Apologetically, Ash tries to explain how he had been raised at a vampire enclave, but this only serves to frighten Sarah, appalled at the idea of human servants, even with Quinn trying to defend his friend. He tells Sarah about his soulmate in great detail, citing her as being "kind and brilliant", and how he feels she needs him now. Sarah agrees to give him the helicopter after hearing this, especially as Ash never described what Mary-Lynnette looked like; she feels this is proof that Ash is truly Mary-Lynnette's soulmate. Exceedingly grateful, Ash departs the sanctuary; Sarah requests that he call her and let her know if Mary-Lynnette is all right. Ash appreciates Sarah, but he mentions that her companion, Kierlan, is a fellow "rogue" like himself, and dislikes him.
Thus far, Sarah has appeared in the two sneak preview chapters of Strange Fate that have been released. In the first, printed in the ultimate fan guide, Sarah is shown in class, doodling in her notebook while two classmates, Pamela and Rachel, have a discussion about whom they plan to ask to an upcoming homecoming dance: Mal and Kierlan respectively. In spite of her efforts to ignore them, Sarah clearly overhears the girls talk, especially expressing their disdain for "mousy little" Sarah and how Mal and Kierlan are always around her.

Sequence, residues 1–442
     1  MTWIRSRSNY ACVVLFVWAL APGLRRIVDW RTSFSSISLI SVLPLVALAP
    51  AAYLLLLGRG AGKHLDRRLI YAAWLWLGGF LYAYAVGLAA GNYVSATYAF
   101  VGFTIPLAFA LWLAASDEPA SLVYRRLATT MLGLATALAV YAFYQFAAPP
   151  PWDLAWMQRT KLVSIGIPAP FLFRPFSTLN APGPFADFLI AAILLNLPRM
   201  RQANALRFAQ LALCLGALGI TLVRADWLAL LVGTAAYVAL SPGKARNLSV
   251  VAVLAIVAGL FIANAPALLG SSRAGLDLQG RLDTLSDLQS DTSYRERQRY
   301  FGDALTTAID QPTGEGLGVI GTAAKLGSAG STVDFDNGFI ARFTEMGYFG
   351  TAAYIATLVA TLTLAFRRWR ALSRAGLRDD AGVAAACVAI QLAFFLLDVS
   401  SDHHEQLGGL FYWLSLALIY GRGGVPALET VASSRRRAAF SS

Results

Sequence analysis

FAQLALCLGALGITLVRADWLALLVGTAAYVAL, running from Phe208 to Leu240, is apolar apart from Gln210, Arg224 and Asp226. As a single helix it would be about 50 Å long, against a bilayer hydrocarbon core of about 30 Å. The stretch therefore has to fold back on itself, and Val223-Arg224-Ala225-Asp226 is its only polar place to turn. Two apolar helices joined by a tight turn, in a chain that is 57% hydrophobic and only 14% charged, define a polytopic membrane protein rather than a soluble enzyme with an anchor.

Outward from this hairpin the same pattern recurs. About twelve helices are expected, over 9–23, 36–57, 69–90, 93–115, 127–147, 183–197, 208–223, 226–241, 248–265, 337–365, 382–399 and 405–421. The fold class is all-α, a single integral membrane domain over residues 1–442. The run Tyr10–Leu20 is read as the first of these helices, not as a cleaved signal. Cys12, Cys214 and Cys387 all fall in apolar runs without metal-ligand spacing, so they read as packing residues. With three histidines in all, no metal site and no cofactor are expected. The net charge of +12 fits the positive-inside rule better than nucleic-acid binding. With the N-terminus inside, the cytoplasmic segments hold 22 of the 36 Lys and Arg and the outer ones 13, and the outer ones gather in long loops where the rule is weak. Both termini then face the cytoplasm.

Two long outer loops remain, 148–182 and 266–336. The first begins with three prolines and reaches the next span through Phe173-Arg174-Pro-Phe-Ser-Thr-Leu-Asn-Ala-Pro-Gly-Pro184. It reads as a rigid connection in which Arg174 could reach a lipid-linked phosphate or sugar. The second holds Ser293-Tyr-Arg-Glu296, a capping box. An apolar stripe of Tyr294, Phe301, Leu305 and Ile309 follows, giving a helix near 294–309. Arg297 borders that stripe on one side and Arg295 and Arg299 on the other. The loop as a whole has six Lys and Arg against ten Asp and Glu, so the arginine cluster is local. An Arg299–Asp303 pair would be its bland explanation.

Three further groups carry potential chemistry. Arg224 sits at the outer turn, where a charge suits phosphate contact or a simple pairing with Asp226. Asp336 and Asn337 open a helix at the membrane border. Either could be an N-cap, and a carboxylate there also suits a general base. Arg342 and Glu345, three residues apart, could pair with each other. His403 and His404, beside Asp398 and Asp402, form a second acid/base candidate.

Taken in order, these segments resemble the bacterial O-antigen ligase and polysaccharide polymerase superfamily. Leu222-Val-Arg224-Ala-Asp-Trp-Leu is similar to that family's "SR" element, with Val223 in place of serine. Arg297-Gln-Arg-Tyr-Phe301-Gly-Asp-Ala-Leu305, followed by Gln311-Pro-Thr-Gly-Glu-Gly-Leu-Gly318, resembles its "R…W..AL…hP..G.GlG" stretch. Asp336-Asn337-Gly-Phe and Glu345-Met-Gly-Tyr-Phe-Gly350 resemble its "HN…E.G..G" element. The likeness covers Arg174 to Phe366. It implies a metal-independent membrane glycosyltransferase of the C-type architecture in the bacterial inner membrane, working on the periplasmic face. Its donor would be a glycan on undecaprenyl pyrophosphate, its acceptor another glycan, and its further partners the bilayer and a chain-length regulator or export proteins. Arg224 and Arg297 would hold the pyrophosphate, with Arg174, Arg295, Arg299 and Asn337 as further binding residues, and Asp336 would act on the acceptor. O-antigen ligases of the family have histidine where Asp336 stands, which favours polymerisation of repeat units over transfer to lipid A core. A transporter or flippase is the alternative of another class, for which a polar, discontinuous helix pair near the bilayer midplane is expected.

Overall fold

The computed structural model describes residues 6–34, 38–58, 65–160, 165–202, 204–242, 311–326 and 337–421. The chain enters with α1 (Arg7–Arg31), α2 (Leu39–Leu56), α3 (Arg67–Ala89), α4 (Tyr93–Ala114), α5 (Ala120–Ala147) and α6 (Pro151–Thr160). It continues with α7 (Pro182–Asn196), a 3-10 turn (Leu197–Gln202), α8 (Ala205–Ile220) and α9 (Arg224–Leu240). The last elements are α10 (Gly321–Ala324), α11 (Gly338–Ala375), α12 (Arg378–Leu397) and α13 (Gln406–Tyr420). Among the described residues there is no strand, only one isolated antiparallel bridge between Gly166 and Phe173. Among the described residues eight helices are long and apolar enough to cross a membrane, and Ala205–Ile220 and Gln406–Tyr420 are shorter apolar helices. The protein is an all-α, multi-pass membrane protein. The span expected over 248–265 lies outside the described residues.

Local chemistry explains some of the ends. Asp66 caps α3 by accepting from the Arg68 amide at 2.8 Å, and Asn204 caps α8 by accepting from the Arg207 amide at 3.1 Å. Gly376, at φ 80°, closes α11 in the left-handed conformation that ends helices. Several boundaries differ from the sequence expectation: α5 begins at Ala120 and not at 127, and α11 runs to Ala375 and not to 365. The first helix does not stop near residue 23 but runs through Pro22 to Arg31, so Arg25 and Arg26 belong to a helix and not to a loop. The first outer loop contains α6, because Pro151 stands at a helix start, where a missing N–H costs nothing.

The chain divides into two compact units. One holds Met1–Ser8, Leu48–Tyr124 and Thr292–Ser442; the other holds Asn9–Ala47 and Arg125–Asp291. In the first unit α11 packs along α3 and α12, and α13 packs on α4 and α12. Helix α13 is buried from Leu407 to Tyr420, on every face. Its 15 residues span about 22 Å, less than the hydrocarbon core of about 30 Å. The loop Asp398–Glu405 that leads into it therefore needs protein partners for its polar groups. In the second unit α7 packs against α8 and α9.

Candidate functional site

Sarah is mystified herself as to why both young men are always in her company, considering her looks in comparison as being inferior to Pamela and Rachel's. Sarah recalls her, Kierlan and Mal going to dances together, with the two youths arguing mildly over asking Sarah to the dance; they appear to have a friendly rivalry, with Mal and Sarah often try to keep the Drache boy out of trouble.